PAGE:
Does your dog like to go for short walks, long runs, or will he retrieve a ball until your arm falls off? Generally, the exercise that's best for your dog depends on his breed, not his size. For example, a bulldog, though big, was bred for strength, not stamina, and would not be comfortable taking a 5-mile walk. While a Jack Russell Terrier, though small, is extremely active, and will happily romp in the park for hours.
Although every dog has their individual likes and dislikes, even mixed dogs have inherited tendencies that make them more apt at some activities than others. That's why it's important to consider what your dog was bred for—and tailor his exercise program to fit his instinctual needs.
The Seven Groups
Dogs are divided into various groups depending on the breed's original purpose. If you have a mixed breed, you can usually take a good look at good him to figure out what type of dogs were his ancestors—and determine what qualities and behaviors he inherited. No matter what activity you settle on, be sure to include a warm up before and cool-down after your workout sessions.
The larger spaniels, setters, pointers and retrievers all belong to this group. Used by hunters to find and retrieve small game, these intelligent dogs need lots of vigorous exercise. They enjoy long hikes and walks, splashing in lakes and streams and, of course, love to retrieve balls, sticks, or just about anything else. Twice a day these dogs should receive a brisk 20-minute jog followed by at least 10 minutes of energetic play or a swim.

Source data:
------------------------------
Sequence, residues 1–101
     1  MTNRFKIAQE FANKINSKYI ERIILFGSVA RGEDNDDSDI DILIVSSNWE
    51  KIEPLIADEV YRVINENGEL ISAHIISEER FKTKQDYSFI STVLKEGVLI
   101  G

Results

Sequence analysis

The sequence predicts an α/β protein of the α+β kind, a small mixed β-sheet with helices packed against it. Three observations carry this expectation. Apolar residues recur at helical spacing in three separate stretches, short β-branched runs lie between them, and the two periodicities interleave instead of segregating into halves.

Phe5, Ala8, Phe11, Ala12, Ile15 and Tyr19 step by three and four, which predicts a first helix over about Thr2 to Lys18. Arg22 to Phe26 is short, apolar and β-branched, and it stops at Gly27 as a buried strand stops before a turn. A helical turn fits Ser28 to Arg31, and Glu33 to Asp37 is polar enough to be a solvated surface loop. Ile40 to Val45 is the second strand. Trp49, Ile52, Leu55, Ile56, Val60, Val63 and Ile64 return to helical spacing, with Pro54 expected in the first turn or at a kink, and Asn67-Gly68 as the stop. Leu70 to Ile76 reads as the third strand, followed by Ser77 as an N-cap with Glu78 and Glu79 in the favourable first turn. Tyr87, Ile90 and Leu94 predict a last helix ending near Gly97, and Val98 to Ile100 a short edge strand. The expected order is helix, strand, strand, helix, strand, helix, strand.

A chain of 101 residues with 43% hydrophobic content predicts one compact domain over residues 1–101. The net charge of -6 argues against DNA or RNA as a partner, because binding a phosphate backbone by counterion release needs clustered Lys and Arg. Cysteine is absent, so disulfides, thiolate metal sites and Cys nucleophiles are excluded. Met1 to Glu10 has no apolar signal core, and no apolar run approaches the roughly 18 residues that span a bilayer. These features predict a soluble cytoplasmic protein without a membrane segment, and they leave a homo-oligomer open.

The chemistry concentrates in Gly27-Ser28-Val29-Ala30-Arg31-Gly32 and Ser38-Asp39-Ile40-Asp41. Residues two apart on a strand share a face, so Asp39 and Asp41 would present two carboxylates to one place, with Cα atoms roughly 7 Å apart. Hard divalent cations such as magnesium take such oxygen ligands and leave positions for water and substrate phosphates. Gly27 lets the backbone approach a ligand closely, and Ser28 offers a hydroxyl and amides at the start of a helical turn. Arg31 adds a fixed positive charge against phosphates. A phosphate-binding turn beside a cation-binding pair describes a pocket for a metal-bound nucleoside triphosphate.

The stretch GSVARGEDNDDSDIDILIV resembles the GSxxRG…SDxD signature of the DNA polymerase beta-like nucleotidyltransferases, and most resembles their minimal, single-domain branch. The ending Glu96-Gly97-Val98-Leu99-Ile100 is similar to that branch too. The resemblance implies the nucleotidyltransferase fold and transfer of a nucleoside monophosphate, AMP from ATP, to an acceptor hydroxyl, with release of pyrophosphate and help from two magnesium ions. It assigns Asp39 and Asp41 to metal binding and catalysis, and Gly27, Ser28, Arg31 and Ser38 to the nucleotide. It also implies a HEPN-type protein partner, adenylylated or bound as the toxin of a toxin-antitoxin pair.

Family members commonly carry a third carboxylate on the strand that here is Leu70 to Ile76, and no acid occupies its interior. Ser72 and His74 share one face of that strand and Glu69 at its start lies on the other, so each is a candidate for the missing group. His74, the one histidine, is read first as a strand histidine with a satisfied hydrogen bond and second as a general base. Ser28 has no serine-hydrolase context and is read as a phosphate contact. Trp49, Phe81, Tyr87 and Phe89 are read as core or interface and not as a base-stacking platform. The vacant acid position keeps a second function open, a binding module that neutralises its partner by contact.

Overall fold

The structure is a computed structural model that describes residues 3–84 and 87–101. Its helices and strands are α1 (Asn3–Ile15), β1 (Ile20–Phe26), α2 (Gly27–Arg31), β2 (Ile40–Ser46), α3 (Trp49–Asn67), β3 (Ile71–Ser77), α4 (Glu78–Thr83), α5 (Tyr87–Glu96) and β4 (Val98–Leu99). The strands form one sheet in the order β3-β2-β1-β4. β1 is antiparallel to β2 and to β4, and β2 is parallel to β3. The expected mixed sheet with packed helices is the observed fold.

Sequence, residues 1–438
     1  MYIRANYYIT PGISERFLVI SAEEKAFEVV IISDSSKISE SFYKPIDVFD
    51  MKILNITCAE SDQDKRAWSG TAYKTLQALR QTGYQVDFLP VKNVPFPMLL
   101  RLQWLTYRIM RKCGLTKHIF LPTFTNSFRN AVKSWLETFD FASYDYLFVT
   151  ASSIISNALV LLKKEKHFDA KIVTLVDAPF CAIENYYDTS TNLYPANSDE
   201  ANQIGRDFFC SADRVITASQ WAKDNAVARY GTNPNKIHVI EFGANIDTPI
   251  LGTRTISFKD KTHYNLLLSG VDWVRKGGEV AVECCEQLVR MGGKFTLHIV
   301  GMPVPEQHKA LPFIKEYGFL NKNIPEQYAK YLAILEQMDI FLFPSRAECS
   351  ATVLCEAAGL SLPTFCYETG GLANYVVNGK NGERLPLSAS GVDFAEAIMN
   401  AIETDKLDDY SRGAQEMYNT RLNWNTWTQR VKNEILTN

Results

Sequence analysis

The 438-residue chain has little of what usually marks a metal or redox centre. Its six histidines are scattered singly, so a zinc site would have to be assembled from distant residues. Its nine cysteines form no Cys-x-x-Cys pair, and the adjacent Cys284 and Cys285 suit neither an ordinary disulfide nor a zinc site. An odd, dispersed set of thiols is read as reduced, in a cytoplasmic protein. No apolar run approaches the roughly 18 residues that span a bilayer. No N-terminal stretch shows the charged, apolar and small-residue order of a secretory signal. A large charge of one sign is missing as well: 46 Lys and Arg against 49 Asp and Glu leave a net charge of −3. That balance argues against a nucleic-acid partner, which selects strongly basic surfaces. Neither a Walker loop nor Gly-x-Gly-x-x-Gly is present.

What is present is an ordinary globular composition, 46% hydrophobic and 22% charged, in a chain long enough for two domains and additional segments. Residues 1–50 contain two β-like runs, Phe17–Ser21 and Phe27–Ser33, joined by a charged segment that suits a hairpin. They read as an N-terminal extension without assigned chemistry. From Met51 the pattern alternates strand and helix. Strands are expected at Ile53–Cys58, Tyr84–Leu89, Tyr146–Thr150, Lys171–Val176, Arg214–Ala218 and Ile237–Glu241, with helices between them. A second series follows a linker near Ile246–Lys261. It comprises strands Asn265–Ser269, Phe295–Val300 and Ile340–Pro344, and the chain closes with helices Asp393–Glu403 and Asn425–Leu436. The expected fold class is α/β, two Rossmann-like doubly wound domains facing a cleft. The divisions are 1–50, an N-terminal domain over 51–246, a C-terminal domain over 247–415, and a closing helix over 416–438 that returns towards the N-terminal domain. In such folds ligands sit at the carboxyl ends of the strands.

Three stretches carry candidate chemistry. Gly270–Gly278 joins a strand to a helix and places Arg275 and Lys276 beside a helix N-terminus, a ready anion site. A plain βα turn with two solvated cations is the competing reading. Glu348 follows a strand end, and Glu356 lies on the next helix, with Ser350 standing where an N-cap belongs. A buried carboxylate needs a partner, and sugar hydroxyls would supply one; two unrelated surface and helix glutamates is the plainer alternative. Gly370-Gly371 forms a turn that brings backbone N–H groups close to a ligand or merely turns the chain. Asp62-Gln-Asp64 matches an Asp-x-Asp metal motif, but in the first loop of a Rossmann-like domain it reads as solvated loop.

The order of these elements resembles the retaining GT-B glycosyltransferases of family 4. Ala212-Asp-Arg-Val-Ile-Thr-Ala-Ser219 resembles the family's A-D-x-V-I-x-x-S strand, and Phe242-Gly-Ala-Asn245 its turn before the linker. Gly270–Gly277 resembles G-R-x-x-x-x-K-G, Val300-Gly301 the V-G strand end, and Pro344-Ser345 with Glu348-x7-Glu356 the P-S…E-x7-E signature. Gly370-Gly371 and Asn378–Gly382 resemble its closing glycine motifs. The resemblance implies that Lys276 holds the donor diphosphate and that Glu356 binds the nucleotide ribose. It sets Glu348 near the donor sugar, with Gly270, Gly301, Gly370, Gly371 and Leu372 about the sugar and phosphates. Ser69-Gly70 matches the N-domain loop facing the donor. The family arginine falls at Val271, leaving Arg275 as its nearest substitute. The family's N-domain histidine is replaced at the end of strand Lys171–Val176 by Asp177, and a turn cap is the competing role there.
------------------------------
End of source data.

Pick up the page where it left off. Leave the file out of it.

These dogs once used their keen senses to track game. What hounds enjoy most is room to sniff and run in the open air. Every morning and evening hounds need 20 minutes of brisk walking or jogging, followed by a 10-minute run in a safely enclosed area. Spaniels love water and will be happy to go for a swim. Dachshunds, though small, still need a 15-minute walk twice a day.
As their name suggests, these dogs were bred to work. Some guarded livestock and property (Mastiff), rescued humans (Saint Bernard), or pulled sleds and carts (Samoyed). Capable, determined and quick to learn, these dogs need a 20 to 30-minute jog every morning or a shorter walk combined with controlled training games. Repeat the workout later in the day.
Born to hunt, sniff and dig out prey, Terriers were bred to lead extremely active lives. Larger terriers need a brisk 15-minute walk or a shorter walk with 10 minutes of active play—morning and evening. Smaller terriers will stay healthy with a brisk 15-minute walk twice a day as long as you also include some indoor or outdoor play. These quick-witted little dogs can easily learn games such as hide-and-go-seek, tag and fetch.
Dogs like the Pekingese and Maltese were bred to sit on laps and look cute. So, it's no surprise that toy breeds need less exercise than most other dogs. A 15-minute walk, twice a day, is enough for most of these dogs. Some toy breeds love to chase and retrieve, so ball games can be a great activity for these petite pooches.
With members like the Collie, Briard and German Shepherd, these strong, intelligent dogs were bred to herd sheep or cattle. Games with a purpose, such as hide-and-seek keep these dogs stimulated. While a 30-minute walk or jog, as well as extra time to chase balls or play frisbee—should also be included twice a day.
This diverse group includes Bulldogs, Dalmations and Lhasa Apsos—and any other dogs that don't quite fit into the other breed groups. To determine the kind of exercise these dogs need, look at their size and body type.